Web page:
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A Matter of Perspective

I want to tell you a story...

One day a math professor wrote the following on the board:

1x9=9, 2x9=18, 3x9=27, 4x9=36, 5x9=45, 6x9=54, 7x9=63, 8x9=72, 9x9=81, 10x9=91

At first, there was a low giggle, and then many of the students laughed because the professor had obviously miscalculated. 10x9 = 91!?

The professor waited until everyone was silent again. Then he said: “I made this mistake on purpose to demonstrate something to you. I solved nine problems correctly and made only one mistake. Instead of congratulating me on correctly solving nine out of 10 problems, you laughed at my mistake. And so you show clearly how our education system works. And that’s very sad, but unfortunately true.”

He paused before he continued.

“We live in a culture of error that leads to people being injured and sometimes even humiliated just because they are wrong. We have to learn to praise people for their successes and also to appreciate them for their small mistakes. Believe me, most people do a lot more right than wrong, and yet they are judged by the few mistakes they make. I want to suggest to you that it is good to praise more and criticize less because that results in so much more: more affection, more cooperation, and less negative senses.”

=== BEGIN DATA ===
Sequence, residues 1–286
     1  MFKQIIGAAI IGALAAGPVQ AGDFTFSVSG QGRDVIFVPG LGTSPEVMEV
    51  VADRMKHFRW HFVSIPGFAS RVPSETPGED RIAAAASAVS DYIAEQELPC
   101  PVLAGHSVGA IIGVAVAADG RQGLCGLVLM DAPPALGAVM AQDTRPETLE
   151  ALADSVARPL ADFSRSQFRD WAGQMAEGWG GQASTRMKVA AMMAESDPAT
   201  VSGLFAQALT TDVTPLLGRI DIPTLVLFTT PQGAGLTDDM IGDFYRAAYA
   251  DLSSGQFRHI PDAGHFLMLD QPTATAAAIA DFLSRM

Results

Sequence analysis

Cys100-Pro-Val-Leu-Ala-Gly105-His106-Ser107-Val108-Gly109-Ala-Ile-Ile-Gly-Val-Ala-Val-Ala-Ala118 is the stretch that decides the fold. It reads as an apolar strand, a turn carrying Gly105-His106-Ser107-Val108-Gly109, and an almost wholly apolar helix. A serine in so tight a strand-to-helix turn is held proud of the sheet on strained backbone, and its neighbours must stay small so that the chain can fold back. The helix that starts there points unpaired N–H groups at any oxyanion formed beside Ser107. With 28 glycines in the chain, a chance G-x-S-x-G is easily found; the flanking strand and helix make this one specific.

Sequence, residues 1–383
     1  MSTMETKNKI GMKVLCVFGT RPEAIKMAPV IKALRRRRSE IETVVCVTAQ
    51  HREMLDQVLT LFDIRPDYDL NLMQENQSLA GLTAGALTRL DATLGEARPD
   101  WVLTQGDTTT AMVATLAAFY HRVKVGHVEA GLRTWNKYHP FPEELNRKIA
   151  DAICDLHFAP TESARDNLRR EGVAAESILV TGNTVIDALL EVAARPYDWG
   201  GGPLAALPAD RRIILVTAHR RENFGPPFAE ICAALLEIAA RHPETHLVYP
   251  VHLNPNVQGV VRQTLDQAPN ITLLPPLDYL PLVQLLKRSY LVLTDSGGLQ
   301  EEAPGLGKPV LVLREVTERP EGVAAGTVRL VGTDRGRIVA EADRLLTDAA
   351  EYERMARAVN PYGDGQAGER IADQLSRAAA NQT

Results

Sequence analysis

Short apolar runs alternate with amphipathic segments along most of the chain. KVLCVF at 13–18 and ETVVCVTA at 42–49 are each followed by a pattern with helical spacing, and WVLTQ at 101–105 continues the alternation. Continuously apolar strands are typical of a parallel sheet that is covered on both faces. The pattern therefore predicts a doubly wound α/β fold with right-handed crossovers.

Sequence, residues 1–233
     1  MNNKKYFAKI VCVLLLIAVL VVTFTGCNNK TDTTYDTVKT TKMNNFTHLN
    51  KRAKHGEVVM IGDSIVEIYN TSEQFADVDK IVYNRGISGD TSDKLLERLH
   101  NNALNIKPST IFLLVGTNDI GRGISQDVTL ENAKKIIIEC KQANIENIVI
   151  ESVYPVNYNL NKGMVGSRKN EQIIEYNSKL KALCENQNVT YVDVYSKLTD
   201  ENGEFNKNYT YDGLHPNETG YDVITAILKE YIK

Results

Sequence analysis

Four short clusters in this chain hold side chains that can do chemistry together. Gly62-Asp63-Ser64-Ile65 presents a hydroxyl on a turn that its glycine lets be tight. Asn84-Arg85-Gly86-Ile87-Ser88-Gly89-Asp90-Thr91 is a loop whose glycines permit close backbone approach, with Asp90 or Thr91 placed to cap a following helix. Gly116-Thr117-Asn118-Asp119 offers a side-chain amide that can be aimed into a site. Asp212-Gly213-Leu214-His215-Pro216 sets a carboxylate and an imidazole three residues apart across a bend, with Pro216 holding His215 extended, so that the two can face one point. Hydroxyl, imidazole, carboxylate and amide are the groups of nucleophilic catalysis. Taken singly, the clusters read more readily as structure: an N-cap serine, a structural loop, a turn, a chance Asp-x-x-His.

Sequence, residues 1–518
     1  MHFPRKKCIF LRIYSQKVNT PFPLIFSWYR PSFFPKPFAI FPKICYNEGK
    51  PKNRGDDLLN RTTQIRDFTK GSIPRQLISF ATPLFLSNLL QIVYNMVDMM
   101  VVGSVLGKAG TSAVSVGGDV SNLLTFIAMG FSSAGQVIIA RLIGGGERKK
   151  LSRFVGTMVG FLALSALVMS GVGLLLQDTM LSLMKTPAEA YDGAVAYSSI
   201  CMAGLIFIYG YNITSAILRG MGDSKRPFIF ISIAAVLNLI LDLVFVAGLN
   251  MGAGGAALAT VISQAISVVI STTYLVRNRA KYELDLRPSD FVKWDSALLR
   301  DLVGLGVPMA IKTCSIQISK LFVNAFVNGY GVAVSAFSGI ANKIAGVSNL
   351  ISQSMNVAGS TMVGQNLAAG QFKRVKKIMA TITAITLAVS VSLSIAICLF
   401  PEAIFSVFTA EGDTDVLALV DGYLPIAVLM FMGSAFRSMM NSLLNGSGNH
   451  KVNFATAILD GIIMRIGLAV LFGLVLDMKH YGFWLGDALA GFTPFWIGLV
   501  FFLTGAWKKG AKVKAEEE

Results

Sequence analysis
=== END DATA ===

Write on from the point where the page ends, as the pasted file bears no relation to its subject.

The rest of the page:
Quite a few of the students understood that the lesson they had just learned was far more important than the result of 10x9.

Isn’t that a good lesson for all of us?

I often find myself critical of a person’s mistake when they have done so much more correctly.

We laugh at them. We tease them. While it may be “all in fun,” we are slowly eroding that person’s confidence.

How many people have been “eroded” to the point that they no longer even try?

Today, instead of picking out a person’s mistake and embarrassing or humiliating them for it, try instead to praise them for what they got right.

If the cashier gives you back the wrong change, it is very easy to point that out. But when the cashier gives you back the right change, we don’t point that out, do we?

I wonder what the world would look like if we became people who praised instead of criticized, thanked instead of feeling entitled, and prayed instead of cursing?


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